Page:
A 9,700-square-foot junior ballroom is located on the third floor and boasts sweeping views of Scissortail Park.

The building’s fourth floor features a 30,000-square-foot ballroom along with pre-function space and a large balcony overlooking Scissortail Park.

SAVOR is the building’s in-house catering partner that offers chef-driven creativity, seasonally available local ingredients, and distinguished hospitality.

Landscaping outside the convention center uses native plants and trees well-suited to the local climate, with a focus on sustainability, comfort and beauty. A central plaza and other inviting spaces will help the convention center’s exterior come alive with activity.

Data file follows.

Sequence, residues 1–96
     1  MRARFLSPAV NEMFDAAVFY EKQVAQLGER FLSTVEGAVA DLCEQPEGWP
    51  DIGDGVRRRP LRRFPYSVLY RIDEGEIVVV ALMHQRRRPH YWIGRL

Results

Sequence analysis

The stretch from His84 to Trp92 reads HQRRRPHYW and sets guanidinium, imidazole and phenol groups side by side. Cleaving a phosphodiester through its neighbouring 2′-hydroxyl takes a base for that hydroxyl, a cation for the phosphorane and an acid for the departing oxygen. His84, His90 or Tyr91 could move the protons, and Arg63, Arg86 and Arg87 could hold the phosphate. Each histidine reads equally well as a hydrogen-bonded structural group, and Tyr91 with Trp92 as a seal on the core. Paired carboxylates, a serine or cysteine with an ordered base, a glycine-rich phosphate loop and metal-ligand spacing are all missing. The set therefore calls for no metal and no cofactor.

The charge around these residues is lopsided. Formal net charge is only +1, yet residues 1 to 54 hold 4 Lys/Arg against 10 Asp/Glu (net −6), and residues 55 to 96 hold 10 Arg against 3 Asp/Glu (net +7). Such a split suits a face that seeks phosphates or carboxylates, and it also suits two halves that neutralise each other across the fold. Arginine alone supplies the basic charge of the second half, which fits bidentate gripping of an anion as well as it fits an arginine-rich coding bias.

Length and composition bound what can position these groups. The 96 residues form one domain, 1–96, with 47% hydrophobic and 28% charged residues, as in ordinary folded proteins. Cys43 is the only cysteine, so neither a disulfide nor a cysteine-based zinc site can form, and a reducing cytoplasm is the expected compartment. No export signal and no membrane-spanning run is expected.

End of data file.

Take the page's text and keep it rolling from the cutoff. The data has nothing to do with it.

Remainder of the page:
The Convention Center is next door to the Omni Oklahoma City Hotel, set to open Jan. 26 as the 605-room headquarters hotel. 

A skywalk connects the Convention Center to a multi-story parking garage. 

The convention center is managed by ASM Global, the same company that manages Chesapeake Energy Arena and former Cox Convention Center building.

The center will begin hosting events in January, with the first large convention scheduled for March.

“The Oklahoma City Convention Center is a game changer for the OKC destination and will attract new customers from the meetings industry,” said ASM Global/OKC Convention Center General Manager Al Rojas. “There are 16 national conventions on the books through 2026 that will contribute significant economic impact to the local economy.”

Although the building is considered complete, workers remain on site to finish punch list items.

Visit okcconventioncenter.com for more.


Virtual Sky